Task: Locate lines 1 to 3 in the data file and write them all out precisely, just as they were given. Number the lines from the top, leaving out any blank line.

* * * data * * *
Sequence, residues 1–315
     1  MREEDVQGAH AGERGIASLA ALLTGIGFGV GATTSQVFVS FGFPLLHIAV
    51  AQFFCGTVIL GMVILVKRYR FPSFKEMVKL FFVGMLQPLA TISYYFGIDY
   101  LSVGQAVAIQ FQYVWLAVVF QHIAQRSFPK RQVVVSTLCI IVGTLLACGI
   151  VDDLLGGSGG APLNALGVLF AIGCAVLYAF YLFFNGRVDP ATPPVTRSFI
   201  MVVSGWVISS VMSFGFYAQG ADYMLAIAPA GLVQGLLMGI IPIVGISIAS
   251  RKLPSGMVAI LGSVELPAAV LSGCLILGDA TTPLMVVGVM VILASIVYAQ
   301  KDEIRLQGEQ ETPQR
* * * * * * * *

Sequence, residues 1–315
     1  MREEDVQGAH AGERGIASLA ALLTGIGFGV GATTSQVFVS FGFPLLHIAV
    51  AQFFCGTVIL GMVILVKRYR FPSFKEMVKL FFVGMLQPLA TISYYFGIDY